How Do Teens’ Emotions, Coping Skills Predict Drug Use?
Emotion regulation skills are the skills that people rely on to process their emotions and control their reactions to both everyday circumstances and extraordinarily stressful circumstances. Broadly speaking, people who lack fully developed forms of these skills have increased risks for getting involved in drug use and eventually developing significant drug-related problems. In a study published in September 2013 in the journal Drug and Alcohol Dependence, researchers from four U.S. institutions examined the interaction between emotion regulation and drug-related risks on a more detailed level. These researchers identified specific emotion-processing styles that can boost or lower a person’s chances of using and abusing drugs.
Range Of Emotions And Emotion Regulation
All healthy human beings experience a range of emotions. Some of these emotions, commonly referred to as positive emotions, tend to support a sense of well-being and increase a person’s ability to interact well with others and maintain a fruitful daily routine. Examples of emotions commonly viewed as positive include love, joy, interest, hope, gratitude and certain forms of pride. Other emotions, commonly referred to as negative emotions, tend to destabilize a sense of well-being, decrease the quality of a person’s social interactions and make it more difficult to establish an effective routine. Examples of emotions commonly viewed as negative include hatred, anger, jealousy, sadness, helplessness and hopelessness.
Despite the rudimentary labeling of these various emotional states, healthy individuals typically experience a mixture of “positive” and “negative” emotions, and benefit from both in appropriate settings. Emotion regulation is the process that allows people to do such things as analyze their current emotional states, consciously or unconsciously make decisions to change their emotional states, integrate their emotions and thoughts, and use emotions to guide or modify behavior. However, not all people successfully use the regulation process to deal with their emotions in healthy ways. Instead, when they feel strong emotions (especially negative emotions), they lose the ability to control their reactions and enter a state called emotional dysregulation.
Emotional Dysregulation’s Impact On Mood
As a result of their problems with emotional control, people affected by emotional dysregulation develop a form of mood instability that manifests in two main ways. First, they experience unusual and erratic shifts between emotional states (i.e., mood swings), especially states that don’t normally appear together in a short span of time. Emotionally dysregulated individuals also tend to experience unusually intensified forms of emotion that appear out of context for a given situation.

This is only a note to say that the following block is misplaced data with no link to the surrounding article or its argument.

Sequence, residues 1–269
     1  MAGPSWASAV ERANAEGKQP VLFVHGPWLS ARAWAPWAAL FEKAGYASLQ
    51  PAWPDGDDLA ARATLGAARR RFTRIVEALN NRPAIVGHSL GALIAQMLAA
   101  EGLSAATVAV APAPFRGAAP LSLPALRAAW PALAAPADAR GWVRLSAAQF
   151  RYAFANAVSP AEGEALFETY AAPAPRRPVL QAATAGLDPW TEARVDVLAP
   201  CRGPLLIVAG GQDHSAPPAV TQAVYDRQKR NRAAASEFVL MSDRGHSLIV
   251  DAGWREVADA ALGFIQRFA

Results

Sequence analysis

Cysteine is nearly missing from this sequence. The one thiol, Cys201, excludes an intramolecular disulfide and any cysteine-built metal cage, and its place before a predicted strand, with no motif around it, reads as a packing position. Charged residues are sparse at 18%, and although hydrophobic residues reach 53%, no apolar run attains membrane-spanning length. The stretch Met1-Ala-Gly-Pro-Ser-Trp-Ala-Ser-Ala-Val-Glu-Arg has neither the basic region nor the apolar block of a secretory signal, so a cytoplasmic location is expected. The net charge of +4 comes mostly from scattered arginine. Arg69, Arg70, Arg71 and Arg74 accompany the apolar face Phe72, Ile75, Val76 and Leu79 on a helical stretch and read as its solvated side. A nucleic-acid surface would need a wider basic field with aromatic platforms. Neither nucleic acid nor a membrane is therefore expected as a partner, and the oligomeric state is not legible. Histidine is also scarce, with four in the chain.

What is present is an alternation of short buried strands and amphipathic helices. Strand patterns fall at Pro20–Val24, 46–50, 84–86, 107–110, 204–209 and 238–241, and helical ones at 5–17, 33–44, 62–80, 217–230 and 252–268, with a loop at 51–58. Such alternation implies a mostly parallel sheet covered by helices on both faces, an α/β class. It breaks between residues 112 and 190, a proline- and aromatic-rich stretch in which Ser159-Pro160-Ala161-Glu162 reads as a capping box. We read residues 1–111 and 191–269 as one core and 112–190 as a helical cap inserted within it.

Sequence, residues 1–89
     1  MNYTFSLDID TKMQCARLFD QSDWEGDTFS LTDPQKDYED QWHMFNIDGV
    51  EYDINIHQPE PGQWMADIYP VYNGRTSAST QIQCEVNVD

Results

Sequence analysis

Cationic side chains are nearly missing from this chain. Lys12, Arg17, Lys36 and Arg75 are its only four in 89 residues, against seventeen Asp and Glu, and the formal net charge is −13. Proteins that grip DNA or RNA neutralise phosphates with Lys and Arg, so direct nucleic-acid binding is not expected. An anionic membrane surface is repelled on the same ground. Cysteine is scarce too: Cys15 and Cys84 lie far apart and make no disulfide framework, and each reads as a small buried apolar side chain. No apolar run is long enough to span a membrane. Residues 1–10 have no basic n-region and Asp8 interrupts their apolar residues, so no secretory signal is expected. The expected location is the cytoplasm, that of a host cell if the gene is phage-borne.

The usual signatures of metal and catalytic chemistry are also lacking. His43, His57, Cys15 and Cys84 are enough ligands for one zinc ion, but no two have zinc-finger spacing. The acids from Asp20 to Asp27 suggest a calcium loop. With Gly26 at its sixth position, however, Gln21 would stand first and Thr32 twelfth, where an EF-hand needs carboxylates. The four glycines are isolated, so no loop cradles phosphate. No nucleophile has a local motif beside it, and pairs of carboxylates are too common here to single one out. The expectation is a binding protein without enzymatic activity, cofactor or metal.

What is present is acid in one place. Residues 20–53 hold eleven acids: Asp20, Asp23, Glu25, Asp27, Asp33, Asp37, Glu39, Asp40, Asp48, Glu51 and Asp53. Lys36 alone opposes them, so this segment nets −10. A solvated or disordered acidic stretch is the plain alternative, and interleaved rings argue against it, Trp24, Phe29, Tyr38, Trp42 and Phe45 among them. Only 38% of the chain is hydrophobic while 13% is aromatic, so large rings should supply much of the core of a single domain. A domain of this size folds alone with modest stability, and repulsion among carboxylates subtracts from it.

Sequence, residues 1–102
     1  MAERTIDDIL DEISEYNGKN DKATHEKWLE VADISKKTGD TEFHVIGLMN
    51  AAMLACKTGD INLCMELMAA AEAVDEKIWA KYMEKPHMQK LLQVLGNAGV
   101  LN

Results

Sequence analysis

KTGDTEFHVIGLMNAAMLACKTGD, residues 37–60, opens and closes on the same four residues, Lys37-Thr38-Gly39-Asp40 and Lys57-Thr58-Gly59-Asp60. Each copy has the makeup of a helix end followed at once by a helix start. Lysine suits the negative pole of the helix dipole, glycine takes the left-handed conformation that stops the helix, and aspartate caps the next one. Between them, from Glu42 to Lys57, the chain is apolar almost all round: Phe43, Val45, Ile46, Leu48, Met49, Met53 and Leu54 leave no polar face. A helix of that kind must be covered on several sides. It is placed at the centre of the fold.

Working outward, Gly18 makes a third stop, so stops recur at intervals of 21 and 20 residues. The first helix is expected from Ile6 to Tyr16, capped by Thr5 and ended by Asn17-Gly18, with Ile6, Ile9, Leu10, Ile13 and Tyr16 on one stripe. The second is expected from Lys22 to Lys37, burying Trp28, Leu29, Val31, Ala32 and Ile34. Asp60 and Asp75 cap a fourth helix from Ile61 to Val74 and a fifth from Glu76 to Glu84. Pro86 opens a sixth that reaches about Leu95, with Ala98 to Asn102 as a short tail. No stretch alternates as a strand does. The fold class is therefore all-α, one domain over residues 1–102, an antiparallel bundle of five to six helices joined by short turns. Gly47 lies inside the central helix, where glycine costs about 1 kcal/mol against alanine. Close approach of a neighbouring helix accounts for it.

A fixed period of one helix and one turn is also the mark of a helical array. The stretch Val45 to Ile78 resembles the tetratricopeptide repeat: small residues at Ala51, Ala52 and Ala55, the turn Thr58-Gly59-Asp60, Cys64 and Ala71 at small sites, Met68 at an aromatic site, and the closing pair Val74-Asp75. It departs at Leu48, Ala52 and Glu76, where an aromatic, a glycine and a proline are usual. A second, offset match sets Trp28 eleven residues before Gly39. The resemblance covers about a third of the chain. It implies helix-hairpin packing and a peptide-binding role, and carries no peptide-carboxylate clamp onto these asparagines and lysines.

Emotional Dysregulation’s Impact On Drug Use
In the study published in Drug and Alcohol Dependence, researchers from the University of Southern California, Drexel University, Temple University and Children’s Hospital Los Angeles examined the connection between emotional regulation abilities and drug use risks among teenagers and young adults between the ages of 16 and 25. They performed this examination by interviewing 560 people in this age group with a recent history of abusing prescription drugs such as opioid painkillers and sedative-hypnotic medications. The interviews also contained questions designed to identify the use of illegal/illicit drugs such as cocaine and heroin. The researchers decided to conduct their study because of the lack of available information on the connection between emotional coping styles and drug use patterns in the targeted age group.
Four Styles Of Emotion Regulation And Those Who Are More Likely To Use Drugs
After examining their data, the researchers found that the study participants had four distinct styles of emotion regulation: a suppressing style designed to avoid dealing with strong emotions; a coping style that relies on the intervention of others for its effectiveness; a coping style that relies on self-generated efforts; and a proactive style that seeks to change the situations that produce stress or unpleasant emotional states. They also found that two of these styles—emotional suppression and reliance on others to deal with strong emotions—are clearly associated with increased risks for developing dangerous patterns of prescription or illicit/illegal drug use. By comparison, people with a proactive style of emotion regulation, in particular, have relatively low risks for participating in these drug use patterns.
Hope For Future Treatments To Prevent Drug Abuse
The authors of the study published in Drug and Alcohol Dependence believe they are one of the first research teams to demonstrate that the use of certain emotional coping styles can increase any given individual’s chances of developing significant drug problems. They also believe that their work can form the basis for future research that ultimately provides a real-world improvement in the ability to treat and prevent drug abuse and drug addiction in teenagers and young adults.
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